Khafagi states that many obvious signs corroborate this flagrant decline of the role of women: the comments on the revision of the Family Code, the dismissal of the only woman minister in the first government after the revolution, the cancellation of the quota in parliament and even the barriers to women's access to parliament. According to Khafagi, as soon as the Muslim Brotherhood took over the parliament, their deputies began to present spongy bills that mark a real decline in women's achievements such as the prohibition of khul[ii]. These bills are related to the cancellation of the legal age of marriage that they want to set at puberty, that is, from 11 to 12 years and the cancellation of premarital medical examination.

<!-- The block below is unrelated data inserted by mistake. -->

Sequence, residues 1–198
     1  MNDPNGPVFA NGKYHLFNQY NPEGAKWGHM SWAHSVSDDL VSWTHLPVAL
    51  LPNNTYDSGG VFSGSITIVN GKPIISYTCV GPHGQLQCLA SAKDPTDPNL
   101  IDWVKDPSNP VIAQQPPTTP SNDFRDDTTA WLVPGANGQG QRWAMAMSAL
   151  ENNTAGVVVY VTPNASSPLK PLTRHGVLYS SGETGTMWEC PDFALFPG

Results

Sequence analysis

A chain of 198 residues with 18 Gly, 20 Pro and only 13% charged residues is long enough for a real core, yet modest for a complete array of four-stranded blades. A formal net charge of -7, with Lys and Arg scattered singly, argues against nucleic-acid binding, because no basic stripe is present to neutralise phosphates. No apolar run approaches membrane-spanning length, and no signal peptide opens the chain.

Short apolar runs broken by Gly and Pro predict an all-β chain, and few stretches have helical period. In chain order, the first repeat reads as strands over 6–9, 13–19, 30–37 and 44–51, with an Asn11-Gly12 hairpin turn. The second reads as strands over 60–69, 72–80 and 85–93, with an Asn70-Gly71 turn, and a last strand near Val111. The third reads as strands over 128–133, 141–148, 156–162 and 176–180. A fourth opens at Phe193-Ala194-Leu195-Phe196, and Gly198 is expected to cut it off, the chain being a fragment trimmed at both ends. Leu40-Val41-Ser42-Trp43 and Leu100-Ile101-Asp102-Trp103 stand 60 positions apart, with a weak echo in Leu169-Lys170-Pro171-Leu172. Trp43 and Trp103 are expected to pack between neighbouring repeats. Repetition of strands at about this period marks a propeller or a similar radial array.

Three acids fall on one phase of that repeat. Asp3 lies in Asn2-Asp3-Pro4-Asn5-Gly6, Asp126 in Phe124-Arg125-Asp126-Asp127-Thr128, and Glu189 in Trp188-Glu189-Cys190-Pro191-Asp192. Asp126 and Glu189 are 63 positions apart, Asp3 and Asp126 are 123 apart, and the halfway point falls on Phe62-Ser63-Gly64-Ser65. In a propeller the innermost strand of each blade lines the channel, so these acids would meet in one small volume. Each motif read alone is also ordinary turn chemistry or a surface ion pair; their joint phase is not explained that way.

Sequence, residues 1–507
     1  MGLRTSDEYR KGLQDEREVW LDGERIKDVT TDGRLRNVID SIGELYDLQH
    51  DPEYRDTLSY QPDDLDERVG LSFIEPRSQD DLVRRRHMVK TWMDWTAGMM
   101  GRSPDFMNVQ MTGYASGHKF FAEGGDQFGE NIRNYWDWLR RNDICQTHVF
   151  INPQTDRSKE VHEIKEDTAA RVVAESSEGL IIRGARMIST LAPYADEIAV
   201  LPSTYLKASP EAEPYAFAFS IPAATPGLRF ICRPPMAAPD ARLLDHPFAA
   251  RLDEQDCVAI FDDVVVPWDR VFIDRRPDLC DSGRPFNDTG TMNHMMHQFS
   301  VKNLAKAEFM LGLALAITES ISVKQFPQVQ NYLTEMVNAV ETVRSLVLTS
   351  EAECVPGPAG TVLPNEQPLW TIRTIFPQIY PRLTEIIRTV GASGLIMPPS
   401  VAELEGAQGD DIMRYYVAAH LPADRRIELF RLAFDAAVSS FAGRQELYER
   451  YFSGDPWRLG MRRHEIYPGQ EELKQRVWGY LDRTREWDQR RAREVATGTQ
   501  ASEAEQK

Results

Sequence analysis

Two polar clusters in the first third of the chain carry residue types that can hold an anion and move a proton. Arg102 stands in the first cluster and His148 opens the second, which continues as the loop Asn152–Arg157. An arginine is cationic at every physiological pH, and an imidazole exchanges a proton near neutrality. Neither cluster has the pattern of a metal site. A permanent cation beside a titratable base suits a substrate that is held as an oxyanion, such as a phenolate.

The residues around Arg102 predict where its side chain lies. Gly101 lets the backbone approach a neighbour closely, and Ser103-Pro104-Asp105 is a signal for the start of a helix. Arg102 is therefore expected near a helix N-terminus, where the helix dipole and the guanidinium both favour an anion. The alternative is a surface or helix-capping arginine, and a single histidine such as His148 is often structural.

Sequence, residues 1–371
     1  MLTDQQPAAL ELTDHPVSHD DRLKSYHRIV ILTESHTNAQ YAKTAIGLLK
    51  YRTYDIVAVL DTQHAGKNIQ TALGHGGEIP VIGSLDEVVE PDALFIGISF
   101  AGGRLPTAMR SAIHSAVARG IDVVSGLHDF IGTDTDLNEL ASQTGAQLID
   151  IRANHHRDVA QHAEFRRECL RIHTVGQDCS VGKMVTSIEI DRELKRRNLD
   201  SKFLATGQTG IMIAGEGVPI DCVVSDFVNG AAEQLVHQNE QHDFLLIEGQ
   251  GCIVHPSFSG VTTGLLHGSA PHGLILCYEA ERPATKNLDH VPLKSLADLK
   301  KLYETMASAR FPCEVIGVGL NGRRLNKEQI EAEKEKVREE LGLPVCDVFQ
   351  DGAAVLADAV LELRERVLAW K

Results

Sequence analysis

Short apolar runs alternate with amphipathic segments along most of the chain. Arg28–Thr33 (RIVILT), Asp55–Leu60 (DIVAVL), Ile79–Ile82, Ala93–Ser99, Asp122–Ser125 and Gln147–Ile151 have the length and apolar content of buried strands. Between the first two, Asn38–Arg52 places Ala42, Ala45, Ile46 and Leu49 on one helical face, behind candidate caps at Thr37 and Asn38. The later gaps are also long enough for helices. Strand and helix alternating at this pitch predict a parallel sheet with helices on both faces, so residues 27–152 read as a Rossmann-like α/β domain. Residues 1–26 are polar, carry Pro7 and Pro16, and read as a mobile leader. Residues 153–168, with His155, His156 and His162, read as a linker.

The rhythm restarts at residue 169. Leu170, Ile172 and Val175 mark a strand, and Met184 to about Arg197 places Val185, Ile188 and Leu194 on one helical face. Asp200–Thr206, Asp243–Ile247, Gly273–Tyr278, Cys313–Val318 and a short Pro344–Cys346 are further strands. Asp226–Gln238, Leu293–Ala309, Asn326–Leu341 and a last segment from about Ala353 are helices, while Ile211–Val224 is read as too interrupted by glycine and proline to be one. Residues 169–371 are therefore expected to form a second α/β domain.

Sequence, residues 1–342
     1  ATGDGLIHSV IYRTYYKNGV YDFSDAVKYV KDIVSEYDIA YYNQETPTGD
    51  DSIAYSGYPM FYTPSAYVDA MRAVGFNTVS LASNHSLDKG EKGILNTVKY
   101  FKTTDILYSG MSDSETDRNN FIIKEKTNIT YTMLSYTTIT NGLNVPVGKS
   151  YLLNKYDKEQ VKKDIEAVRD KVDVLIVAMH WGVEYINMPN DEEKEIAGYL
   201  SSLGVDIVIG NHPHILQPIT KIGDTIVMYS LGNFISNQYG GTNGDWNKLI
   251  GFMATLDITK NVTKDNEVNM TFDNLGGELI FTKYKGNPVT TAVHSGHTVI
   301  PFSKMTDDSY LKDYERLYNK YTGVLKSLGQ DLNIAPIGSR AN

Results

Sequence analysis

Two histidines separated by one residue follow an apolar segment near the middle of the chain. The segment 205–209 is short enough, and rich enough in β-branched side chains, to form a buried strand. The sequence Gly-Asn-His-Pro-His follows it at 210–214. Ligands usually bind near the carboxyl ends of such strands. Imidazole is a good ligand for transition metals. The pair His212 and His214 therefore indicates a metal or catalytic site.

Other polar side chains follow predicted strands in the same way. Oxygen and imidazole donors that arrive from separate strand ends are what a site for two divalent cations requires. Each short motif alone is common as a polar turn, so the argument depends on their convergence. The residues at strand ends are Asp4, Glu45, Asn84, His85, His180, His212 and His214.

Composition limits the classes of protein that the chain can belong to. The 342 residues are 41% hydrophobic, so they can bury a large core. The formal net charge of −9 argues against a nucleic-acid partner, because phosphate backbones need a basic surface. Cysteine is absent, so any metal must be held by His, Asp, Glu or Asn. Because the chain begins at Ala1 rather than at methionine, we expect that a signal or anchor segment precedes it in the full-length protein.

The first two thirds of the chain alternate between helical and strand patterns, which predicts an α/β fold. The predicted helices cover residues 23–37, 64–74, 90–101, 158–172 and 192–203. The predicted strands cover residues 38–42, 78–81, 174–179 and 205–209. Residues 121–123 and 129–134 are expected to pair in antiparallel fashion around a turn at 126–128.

1 A form of dissolution of Muslim marriage which comes at the initiative of women. One of the conditions is that the women has to give her dowr back.

 


 

Dina Kabil

Translated from French by Elizabeth Grech

10/07/2012